I’ve never had any therapy or counseling before, so as I walked through London’s leafy Chiswick to The Westover medical center I was a bit apprehensive as to what I was letting myself in for.
My friend Stephen has suggested that I give counseling a try – trust and intimacy in relationships are things that I have been trying to work on for a while without much success, despite slogging my way through a couple of self-help books. According to Stephen, counseling is the answer.
The Westover Clinic is a professional and calm environment, all comfortable blue sofas and glossy magazines.
I was soon met by Nicholas Rose – my counselor for this session.
Perhaps I’ve watched too many American sitcoms (I can pretty much re-enact most episodes of Will & Grace), but I was expecting the counselor to be aloof and stand-offish – not saying much, occasionally making some notes, maybe raising an eyebrow.
Thankfully Nicholas was friendly and engaging. We sat opposite each other in comfortable lounge chairs.
‘So… what would you like to talk about?’ he began softly.
I won’t bore you with the details, but I found the process fascinating (if at times excruciatingly uncomfortable). I would make bland third-person statements about challenges in engaging and communicating, and Nicholas would gently probe and push me to try and articulate my feelings, emotions and motivations in a more honest and authentic way.
I left the session feeling a little bit raw, a little bit exposed and little bit vulnerable. In my first 50 minute session with Nicholas I had shared things that I haven’t ever shared with anyone else and got to know myself a little better as a person.
It got me thinking… could we all do with a little counseling in our lives?
One of my lasting impressions from watching nine seasons of Seinfeld and a lot of Woody Allen movies is that everyone in New York has a therapist. In London however it’s not really something that we talk much about. Relationships go through rough patches, friends grapple with redundancy, or addiction problems, loved ones are coping with loss or grief, and we’re not equipped to offer much more than a shoulder to cry on.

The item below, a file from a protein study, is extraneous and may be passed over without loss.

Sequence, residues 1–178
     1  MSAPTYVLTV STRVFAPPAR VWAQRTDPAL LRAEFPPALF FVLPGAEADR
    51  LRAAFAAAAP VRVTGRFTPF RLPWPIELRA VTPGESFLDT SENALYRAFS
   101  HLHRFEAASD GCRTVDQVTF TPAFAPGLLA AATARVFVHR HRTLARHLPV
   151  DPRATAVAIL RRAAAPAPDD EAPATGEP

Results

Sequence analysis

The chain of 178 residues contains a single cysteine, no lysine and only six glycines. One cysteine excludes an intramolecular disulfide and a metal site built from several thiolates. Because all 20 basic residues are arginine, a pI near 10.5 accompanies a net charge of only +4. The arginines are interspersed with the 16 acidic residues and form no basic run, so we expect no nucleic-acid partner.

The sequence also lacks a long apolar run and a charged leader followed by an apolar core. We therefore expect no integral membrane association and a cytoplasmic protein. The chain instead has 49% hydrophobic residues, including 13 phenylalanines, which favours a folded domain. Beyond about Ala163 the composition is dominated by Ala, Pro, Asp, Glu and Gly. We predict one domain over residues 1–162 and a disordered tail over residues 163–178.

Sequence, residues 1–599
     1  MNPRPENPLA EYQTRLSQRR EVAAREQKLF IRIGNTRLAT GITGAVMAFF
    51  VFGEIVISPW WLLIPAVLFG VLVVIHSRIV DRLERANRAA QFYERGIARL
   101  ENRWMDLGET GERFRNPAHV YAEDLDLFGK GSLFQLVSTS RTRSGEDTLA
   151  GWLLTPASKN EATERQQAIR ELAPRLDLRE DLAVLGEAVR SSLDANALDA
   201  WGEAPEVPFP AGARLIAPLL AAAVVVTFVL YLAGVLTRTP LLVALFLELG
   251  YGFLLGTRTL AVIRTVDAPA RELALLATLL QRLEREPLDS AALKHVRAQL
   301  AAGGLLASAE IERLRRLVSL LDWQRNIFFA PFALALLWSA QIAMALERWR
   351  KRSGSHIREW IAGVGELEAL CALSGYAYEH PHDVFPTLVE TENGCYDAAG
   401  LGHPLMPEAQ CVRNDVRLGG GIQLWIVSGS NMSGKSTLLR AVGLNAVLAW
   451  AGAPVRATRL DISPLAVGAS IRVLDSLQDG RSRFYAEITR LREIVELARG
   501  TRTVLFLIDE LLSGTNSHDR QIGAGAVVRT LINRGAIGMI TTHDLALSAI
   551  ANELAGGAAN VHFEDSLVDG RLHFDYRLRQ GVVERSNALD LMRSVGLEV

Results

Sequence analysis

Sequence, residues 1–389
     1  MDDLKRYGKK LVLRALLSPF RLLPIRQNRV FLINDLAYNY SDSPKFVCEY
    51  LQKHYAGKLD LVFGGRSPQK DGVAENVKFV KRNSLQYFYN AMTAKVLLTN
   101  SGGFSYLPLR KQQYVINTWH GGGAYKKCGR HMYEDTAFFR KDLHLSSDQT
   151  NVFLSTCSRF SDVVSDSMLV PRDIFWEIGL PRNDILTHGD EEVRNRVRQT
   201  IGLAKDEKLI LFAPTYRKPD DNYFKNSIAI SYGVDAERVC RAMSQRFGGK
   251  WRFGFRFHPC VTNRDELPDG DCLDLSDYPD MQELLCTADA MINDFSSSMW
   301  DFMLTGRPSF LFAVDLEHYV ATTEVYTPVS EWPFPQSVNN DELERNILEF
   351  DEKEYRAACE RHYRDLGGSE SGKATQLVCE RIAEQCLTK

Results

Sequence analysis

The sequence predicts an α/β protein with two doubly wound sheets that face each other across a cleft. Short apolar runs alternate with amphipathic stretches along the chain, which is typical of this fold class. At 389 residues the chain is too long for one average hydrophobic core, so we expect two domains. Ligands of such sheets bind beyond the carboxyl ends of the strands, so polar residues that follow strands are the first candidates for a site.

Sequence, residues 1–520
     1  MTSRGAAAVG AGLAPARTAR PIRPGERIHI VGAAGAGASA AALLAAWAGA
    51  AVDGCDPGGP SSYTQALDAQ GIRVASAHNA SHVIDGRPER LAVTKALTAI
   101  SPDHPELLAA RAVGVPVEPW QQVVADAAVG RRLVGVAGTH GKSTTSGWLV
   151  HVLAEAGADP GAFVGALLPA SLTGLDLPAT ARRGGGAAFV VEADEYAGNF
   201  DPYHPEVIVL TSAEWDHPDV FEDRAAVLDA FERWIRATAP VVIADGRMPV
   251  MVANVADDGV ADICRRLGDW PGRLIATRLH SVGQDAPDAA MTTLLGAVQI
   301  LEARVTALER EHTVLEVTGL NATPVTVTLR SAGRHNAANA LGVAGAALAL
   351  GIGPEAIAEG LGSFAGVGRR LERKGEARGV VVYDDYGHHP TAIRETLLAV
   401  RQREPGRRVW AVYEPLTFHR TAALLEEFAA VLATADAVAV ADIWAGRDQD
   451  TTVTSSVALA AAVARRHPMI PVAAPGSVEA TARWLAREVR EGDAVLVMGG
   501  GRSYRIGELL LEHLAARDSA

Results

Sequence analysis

I spoke with Monty Moncrieff, head of services at London Friend which specializes in counseling for the LGBT community.
According to Monty: ‘Counseling is an opportunity to explore feelings or ideas about a range of issues – it may be a useful option for people feeling uncertain about things going on in their life, or for people wanting to change the way they react in certain situations, or as a way of dealing with unexpected or difficult situations.’
There are of course a range of different counseling or therapy options available, often from different theoretical backgrounds, and these may be delivered in one-to-one or group settings.
Private counseling sessions can be quite expensive (around £80 per hour in the UK). But in Britain you can get referrals to NHS counseling services via your GP. PACE, GMFA and Terrence Higgins Trust are among the others to offer counseling services for gay and trans people in the UK.
However, according to London Friend’s Moncrieff: ‘Sometimes LGBT people may not feel comfortable disclosing the need for counseling to their doctor if it is related to their sexual orientation or gender identity.’
But although London Friend is a self-referral service, a thorough assessment is undertaken before starting counseling to make sure that the team are appropriately experienced enough to provide the level of counseling required.
Moncrieff explains that for many people having an LGBT specialist service is important because: ‘They may have experienced negative reactions in other services or have experienced homophobic or transphobic behaviour and attitudes in other areas of their lives and want to come to a service where they know this won’t happen. Or they may simply feel that they want their counselor to be LGBT themselves.’
This hadn’t really occurred to me before. I reflected on my first session with Nicholas Rose, I don’t know whether he is gay, I didn’t think to ask. But I felt quite comfortable talking openly about my relationships and didn’t feel any sense of judgment or disapproval which I guess is the key thing.
Cost or access to an LGBT specialist counseling service may not be the only barriers to people getting help as, according to Moncrieff, there is still considerable social stigma attached to seeking help through counseling, particularly in relation to mental health issues: ‘Research has consistently shown that LGBT people experience higher levels of common mental health issues [such as depression, anxiety and low self-esteem] than the general population, and there are still many incidents of LGBT people having negative experiences of health care.’
I’m starting to see counseling as the emotional equivalent of taking your car in for a tune-up. Just a good chance to check that I’m keeping things in perspective, that I’ve got some balance in my life and that I’m equipped with the tools and self-awareness required for whatever life throws at me in the years ahead.